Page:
Redefining Adulthood: Challenging the Prolonged Adolescence Narrative

This article was originally published on Medium.

Increasingly it seems that it is harder and harder for people to quantify and identify what it means to be an adult. Articles appear regularly that proclaim that adolescence is “moving back” to the point that some now claim adolescence actually extends into a person’s 30s! 

That would surely have been news to our ancestors. In the 1800s most of the world’s navies didn’t think that it was particularly unusual to have naval officers as young as twelve years old. These “young gentlemen” with the rank of midshipman were expected to be able to lead men who were often decades senior to them in age. 

Keep in mind that we’re talking about navies here where being an officer meant having the responsibility of leading men in battle, engaging in personal combat, and making life or death decisions in an instant. 

Life at sea didn’t just bring danger from battle. Midshipmen were expected to know how to manage and sail wooden naval ships, which were at the time the most technically advanced, complicated, and deadly machines on the planet. There are plenty of accounts of midshipmen under the age of 18 being placed in command of prize vessels and given the responsibility to sail those ships back across vast oceans to their home ports. All while commanding men who were older than them and often managing prisoners and repairing battle damage to the prize. 

If sailing ships and the 1800s seems too much like ancient history consider that the grandparents and great grandparents of most of you who are reading this often have personal stories of working for wages as children to provide for their family during the Great Depression, often doing adult work that included operating vehicles and machinery, traveling great distances alone, and assuming huge responsibilities long before their 18th birthday. Many of them had traveled halfway around the planet and fought and bled to save the world during World War II before their 20th birthday!

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With history providing context and perspective, the idea that you don’t start being a “real” adult until your thirties is not just laughable, it should be insulting!  Personally I refuse to acknowledge “adolescence” or “the teenage years.” I consider such terms and ideas a false construct that is unhelpful at best and harmful at worst. For me, for my own children, and for others that I may work with I recognize only three stages in the process of growing up and reaching adulthood.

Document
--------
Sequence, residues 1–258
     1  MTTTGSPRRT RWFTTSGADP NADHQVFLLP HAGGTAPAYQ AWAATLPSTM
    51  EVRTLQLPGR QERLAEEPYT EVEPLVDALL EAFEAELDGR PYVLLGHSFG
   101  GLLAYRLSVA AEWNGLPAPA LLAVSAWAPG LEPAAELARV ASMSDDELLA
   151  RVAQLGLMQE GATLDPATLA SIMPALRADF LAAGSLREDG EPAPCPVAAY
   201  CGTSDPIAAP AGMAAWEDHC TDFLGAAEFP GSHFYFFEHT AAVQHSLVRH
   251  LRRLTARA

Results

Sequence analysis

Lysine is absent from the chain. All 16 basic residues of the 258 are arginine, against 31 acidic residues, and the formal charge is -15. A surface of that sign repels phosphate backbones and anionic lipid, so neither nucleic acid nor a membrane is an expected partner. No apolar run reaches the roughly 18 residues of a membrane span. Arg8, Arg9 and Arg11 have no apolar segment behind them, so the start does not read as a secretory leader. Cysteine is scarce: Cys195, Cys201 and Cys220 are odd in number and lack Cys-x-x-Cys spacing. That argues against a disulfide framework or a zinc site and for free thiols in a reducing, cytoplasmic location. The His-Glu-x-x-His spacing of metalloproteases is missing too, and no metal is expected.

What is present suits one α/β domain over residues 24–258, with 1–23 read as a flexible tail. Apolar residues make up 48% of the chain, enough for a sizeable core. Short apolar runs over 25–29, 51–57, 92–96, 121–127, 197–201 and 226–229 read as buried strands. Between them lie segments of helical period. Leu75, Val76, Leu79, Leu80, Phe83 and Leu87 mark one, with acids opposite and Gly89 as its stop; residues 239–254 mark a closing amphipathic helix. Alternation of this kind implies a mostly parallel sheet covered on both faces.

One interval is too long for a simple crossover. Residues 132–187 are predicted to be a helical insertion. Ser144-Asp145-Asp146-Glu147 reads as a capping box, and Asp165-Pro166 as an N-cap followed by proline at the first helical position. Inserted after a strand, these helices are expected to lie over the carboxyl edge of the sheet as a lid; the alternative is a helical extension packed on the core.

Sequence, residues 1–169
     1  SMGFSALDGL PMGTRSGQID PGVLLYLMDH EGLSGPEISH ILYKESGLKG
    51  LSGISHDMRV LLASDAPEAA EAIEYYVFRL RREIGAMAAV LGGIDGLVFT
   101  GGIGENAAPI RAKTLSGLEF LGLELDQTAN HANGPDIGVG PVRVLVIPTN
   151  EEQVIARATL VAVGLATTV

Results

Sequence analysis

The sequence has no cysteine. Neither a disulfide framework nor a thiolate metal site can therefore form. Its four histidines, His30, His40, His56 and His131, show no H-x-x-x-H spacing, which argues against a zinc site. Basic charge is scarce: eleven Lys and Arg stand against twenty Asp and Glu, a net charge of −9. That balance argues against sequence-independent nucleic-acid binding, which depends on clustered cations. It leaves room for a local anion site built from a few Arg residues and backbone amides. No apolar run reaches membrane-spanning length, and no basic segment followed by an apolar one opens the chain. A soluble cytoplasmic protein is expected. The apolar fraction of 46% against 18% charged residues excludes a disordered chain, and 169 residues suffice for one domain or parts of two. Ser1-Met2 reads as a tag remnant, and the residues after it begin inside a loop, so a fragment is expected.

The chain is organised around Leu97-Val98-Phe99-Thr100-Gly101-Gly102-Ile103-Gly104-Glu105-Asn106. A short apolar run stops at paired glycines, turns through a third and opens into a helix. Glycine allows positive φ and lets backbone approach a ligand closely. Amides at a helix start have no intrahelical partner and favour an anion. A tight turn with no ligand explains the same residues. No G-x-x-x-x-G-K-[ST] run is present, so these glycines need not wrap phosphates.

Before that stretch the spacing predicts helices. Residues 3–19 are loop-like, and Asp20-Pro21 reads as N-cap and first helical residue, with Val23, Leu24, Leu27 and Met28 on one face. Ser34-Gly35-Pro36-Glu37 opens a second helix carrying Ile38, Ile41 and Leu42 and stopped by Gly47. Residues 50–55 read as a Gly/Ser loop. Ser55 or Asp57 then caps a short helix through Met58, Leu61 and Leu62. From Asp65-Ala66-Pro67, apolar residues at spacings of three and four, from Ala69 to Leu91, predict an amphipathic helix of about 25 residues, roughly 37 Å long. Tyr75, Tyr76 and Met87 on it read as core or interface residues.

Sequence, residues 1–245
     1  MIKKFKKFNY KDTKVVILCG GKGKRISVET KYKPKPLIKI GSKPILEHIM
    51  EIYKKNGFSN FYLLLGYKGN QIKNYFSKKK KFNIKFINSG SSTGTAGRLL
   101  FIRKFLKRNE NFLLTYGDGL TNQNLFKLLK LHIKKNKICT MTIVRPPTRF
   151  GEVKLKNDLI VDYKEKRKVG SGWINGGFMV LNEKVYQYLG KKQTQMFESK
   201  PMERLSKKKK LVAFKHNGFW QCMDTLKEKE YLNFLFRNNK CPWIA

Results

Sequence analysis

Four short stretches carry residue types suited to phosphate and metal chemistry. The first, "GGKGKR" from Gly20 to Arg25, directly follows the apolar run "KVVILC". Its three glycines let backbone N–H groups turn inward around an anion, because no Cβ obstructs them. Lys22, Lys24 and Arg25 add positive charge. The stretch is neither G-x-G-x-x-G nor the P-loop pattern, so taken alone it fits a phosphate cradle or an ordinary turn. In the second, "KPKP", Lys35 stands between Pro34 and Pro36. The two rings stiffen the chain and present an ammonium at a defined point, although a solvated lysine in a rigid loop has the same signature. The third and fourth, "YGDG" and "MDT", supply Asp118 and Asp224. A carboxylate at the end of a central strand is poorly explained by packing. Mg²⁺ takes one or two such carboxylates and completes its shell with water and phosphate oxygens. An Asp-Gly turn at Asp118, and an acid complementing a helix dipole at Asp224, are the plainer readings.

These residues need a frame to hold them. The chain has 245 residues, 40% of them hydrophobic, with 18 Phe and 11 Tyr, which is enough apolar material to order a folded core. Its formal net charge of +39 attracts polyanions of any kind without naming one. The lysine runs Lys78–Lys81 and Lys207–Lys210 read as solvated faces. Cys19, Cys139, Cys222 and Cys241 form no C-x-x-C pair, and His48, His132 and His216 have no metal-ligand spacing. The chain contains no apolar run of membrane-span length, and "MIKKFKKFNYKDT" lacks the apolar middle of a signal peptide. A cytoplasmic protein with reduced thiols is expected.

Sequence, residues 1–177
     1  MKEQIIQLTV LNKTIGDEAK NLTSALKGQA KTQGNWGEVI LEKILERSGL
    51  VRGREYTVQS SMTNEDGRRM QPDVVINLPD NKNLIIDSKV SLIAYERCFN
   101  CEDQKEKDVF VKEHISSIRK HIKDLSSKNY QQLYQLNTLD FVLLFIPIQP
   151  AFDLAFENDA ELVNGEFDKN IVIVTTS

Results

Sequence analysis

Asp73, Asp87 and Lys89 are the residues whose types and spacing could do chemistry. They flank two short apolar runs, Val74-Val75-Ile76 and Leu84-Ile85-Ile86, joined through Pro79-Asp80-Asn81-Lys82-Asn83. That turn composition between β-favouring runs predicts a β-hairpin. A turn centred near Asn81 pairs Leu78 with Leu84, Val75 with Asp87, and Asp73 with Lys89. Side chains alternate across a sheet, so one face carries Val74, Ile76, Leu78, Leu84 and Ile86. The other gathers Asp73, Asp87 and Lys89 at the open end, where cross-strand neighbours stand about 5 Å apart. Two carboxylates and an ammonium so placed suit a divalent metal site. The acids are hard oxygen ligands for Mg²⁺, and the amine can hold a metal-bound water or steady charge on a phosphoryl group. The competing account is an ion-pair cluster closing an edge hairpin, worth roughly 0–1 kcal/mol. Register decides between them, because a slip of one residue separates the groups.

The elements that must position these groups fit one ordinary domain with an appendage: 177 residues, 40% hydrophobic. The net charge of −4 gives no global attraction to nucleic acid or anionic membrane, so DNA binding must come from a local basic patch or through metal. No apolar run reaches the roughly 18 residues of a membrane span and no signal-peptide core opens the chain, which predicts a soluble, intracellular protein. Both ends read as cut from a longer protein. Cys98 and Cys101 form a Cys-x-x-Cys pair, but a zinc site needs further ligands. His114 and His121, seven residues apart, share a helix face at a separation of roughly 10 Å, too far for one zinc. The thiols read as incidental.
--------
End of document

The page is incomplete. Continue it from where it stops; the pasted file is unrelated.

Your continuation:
You are either a child, a young adult, or an adult. The separation between these stages is a matter of independence and responsibility. A child is totally or mostly dependent on others for his or her health, well being, and needs. Children require constant care and supervision. A young adult is a child who has reached the point where he or she is capable of independent action and thought and can be trusted with increasing degrees of responsibility.  An adult is someone who is fully independent and fully responsible. 

Fully independent means someone who has the maturity, experience, judgment, and intelligence to be able to take care of their own needs and to be able to provide for themself. Fully responsible means being able to fully take care of others in their care, and being able to accept full and total responsibility for all of their decisions and actions. 

In my experience most people become young adults around the age of 12. Most young adults should become adults as early as 16, but no later than 22.  

There should be no room, and no excuses, for some made up period of life where a person is capable of being responsible and is instead told that the expectation is that they are irresponsible and not to be trusted with meaningful responsibilities. Such an attitude and expectation is damaging to society and condescending and demeaning to individuals. 

Children should be cared for and protected as they are raised with the expectation of being able to be more and more independent and entrusted with increasing responsibility as a young adult. A young adult should be encouraged to grow into the full maturity of an adult. Becoming a fully independent and responsible adult should be the goal and desire of every child and young adult, and the desire and goal of the family raising him or her. Failing to become an adult should be considered shameful for the individual and the family. 

Our families, communities, and nation would be infinitely stronger if we could replace all teenagers and adolescents with young adults aspiring to become adults.

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